freedom from prosecution. "Big
Brother" picked these men for their ac-
tivism, just as the Kremlin silenced
Sakharov for his. Sakharov was a
university professor.
We are therefore united with the PSN
in risk as well as educational goals. The
same benign government that singles
out draft evaders on the basis of
decibels-yea the deployer of the
devices we deplore-will not stand
mute in the face of our concerted efforts
to thwart nuclear weapons' escalation.
We face ridicule, rebuke and renun-

Bloom is a graduate of
University engineering school.

the

Edited and managed by students at The University of Michigan

LaBan
8 QCLI

73AIMhYS-T HATS6
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Vol. XCIV-No. 119

420 Maynard St.
Ann Arbor, MI 48109

Editorials represent a majority opinion of the Daily's Editorial Board
Reagan wrongs women

THE REAGAN administration
delivered another blow to women's
rights. What's new. This time the blow
came as the U.S. Supreme Court ac-
cepted the administration's "program
specific" reading of a law prohibiting
sex discrimination. This means that
colleges who fail to obey the Federal
law which prohibits sex
discrimination will not have all of
their Federal funds cut, only that
program in which they receive federal
funds.
In 1976, a college in Grove City, Pa.
refused to sign forms assuring the
government of their compliance with
the law barring sex discrimination,
Title IX, because they believed they
didn't depend on Federal funds. Under
previous administrations none of the
college's students could receive
Federal financial assistance. Four
Grove City students challenged the law
which three previous administrations
had uhed in a broad interpretation of Title
IX, denying the college any Federal
funds.
But last November the Reagan Ad-
ministration reversed the -gover-
nment's position in favor of Grove City
College. This left the case with no
arguments supporting the earlier
rulings forbidding Grove City to
receive Federal funds. The high court
Wednesday has subsequently ruled in
favor of the Reagan administration's
narrow reading of the law, allowing
Grove City students to receive Federal
assistance in all programs, except
for the one the Federal government

dependent from government funds in
certain programs so they don't have to
obey Federal laws. A dangerous
precedent.
In effect, the high court's ruling
"Takes the teeth out of Title IX," as
the Director of the University's Depar-
tment of Women Studies noted.
Nor can women's groups depend on
the only woman presiding on the high
court, Sandra Day O'Connor, to sup-
port their rights. For she too voted in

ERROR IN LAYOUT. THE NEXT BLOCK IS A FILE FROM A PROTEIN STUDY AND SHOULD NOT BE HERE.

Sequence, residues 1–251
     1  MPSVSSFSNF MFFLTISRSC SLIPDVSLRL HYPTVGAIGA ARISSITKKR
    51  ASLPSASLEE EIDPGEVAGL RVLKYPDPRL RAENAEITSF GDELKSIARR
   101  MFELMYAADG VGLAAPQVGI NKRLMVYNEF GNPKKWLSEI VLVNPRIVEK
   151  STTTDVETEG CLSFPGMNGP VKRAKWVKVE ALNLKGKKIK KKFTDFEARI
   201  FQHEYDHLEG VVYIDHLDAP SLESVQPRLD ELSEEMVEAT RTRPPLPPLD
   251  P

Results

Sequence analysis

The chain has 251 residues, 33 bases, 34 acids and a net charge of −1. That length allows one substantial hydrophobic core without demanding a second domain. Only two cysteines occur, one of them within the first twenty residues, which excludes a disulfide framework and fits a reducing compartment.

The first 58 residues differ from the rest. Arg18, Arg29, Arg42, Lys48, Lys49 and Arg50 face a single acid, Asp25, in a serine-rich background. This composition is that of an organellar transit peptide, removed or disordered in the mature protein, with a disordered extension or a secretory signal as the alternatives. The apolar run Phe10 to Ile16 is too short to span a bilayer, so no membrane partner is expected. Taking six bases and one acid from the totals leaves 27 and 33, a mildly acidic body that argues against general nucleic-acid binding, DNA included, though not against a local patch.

favor of the ruling.
Another sinister angle to the ruling is
that it sends an open invitation for
colleges across the nation to openly
discriminate on the basis of sex. Who
knows what the next step by the
Reagan administration might be. Civil
rights advocates suggest that it could
lead to a similarly narrow inter-
pretation on race-discrimination
barriers in the civil rights act.
Three of the dissenting opinions in
the decision brought up other impor-
tant issues - the fact that the ruling
goes against Congress's intentionally
broad reading of the law. Last Novem-
ber, by a 414 to 8 vote, the House of
Representatives passed a resolution
expressing the sense that the law
should be given a broad scope. Also, in
friend of the court briefs, Senator Bob
Dole (R-Kansas) joined 48 other mem-
bers of Congress in declaring that the
purpose of the law was to "prohibit
gender discrimination in all aspects of
the American educational system."
The Reagan administration has delt
civil rights a crucial setback that

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LETTERS TO THE DAILY:
Depo-Provera comments n

Tod the Daily:
A week or so ago I spoke to the
editor concerning a quotation by
Law Professor Francis Allen in
the February 13 Detroit Free
Press.
Professor Francis Allen is
quoted in the Free Press article
in which he comments over the
controversial "sentence" of
Depo-Provera for child rapist
Rogert Gauntlett, in lieu of

protesting the sentence thus:
"I must say I believe this is a
very questionable kind of decree
to enter . . . there is a real
problem about the dignity of the
individual involved here . . . It
would be one thing if the defen-
dent had volunteered ... I really
think there is a question about the
forcible use of measures to
produce physical changes in

people . . . there is a con-
stitutional right to body integrity
The irony of these comments
concerning a convicted child
rapist, one who has been raping
his stepdaughter for a period of
seven years, is shocking and un-
believable. He should be taken to
task for his insensitivity to this
case.

isp laced
Will you join me in protesting
these statements by one who
teaches future attorneys, and con
only inflict his ignorance, insen-
sitivity and inhumanity on those
who are "paying through the
nose" for a quality education aid
being robbed of it?
- Nadine Feinberg
February 13
Southfield